•Marsha P. Johnson

There are so many more people that we could and should acknowledge in our community that created space and opportunity for Black people. We need to stop othering and exile homophobia from our communities and our lives. We should not be asking Black people to choose between their identities because intersectionality exist. Stop asking, “Are you Black first or are you [insert orientation or gender identity] first?” Learn the difference between orientation and gender. Learn/ educate yourself on the topic of gender or the social construct that it is. Your opinions about a person’s preferred pronoun doesn’t matter. Call them by their preferred pronouns.

We have many issues plaguing our communities. It’s time to retire homophobia and transphobia.

A Word with Baltimore’s own Kotic Couture

This month we celebrate PRIDE.  Pride is more than the parade, the beads, and the bars. Pride is the people, the history and the culture. The city has few spaces and voices for queer Black people to be happy and together. There is an artist, creating a space every second Saturday for these voices and the people. Meet the artist restoring Baltimore music and creating a voice for Black queer people in the city. That artist is Kotic Couture, born Kyle Wilson. Couture is one of those people that defines style and pride in every sense of the word. Proud to be Black, proud to be a part of the LGBTQ community and overall proud of the journey to artistry. Couture is like a sermon on Sunday without paying tithes. They are a word, a vibe, and a mood wrapped all in one. Kotic started creating music for the love of music and to complete a bigger picture: opening the door for other artists who are gay, queer, non-binary, lesbian, or identify with those categories at all. The more Kotic succeeds, the more others can look to them as an example to defy odds.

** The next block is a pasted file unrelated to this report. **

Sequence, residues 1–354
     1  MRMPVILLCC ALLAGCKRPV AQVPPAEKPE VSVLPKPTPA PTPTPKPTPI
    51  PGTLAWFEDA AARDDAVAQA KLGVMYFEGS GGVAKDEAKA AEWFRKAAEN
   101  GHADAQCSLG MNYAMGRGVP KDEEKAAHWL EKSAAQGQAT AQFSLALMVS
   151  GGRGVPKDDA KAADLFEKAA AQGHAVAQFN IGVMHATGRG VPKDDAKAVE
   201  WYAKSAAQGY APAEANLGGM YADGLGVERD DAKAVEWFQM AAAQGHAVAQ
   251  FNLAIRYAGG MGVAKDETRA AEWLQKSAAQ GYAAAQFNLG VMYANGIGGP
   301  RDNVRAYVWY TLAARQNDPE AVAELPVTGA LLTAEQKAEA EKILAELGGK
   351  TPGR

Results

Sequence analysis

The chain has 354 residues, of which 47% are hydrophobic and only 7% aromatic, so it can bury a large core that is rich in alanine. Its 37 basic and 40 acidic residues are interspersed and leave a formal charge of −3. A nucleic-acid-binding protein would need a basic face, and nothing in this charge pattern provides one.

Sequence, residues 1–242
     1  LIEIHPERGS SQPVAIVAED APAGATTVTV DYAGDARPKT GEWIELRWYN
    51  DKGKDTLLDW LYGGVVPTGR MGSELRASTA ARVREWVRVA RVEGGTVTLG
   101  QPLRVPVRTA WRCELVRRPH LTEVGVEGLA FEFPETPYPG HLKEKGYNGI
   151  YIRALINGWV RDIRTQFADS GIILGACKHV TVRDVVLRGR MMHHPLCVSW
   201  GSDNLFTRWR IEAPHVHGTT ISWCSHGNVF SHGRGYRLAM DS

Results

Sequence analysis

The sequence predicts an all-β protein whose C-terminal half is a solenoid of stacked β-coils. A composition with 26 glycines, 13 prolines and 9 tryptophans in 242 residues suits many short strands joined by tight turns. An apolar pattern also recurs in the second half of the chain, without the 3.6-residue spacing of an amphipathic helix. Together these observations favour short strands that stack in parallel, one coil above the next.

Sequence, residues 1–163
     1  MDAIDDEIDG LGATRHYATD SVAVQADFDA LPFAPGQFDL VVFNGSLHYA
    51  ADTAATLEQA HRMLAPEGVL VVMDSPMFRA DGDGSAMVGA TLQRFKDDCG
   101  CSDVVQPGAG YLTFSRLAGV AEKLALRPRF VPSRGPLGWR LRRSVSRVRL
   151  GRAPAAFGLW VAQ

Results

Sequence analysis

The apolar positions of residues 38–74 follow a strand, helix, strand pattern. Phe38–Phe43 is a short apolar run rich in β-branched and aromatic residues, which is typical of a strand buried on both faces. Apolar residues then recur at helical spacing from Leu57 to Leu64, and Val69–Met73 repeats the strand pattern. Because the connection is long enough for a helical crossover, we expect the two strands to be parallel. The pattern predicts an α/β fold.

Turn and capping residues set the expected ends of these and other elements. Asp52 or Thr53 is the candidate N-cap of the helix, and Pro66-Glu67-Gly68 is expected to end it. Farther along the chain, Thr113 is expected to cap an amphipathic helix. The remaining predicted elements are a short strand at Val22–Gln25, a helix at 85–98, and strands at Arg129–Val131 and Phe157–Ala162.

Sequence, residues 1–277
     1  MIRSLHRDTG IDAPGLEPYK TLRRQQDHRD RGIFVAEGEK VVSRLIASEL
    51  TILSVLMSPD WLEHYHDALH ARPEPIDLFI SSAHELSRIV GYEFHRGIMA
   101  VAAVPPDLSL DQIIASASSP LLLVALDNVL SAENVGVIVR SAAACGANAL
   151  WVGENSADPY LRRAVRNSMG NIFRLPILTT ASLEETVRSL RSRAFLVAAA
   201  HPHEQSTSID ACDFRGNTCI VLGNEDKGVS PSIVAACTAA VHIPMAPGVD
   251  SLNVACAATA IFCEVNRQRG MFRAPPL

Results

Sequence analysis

A look at Kotic’s bold style.

Kotic got their humble beginnings on the Eastern Shore and made their way to Baltimore. Outgrowing subtle racism and homophobia and a town whose first LGBTQ parade will They came to Baltimore for the style, the culture, and followed the sounds of 92Q jams (which they grew up listening to). Couture started freestyling on the bus in middle school (think back to Myspace era) which is where the name comes from. The line, “Bitch, I’m chaotic,” became not only a Myspace name for the artist but a part of the glam of Kotic Couture. That and the Remy Ma song, “Fresh” where the line was, “This is couture hip-hop.” And that was the style, Kotic wanted to embody. To do Couture hip-hop. But they realized, “I can’t create my own style of hip-hop. So imma just take that name.” Thus, we have the birth of the fierce artist Kotic Couture. From the spelling of the name to the bold fashion and make-up, Couture brings genuine sound back to Baltimore. l this year to hosting version every second Saturday at the Crown, Couture has come a long way. As they put it, “I was made in the country but built in the city.”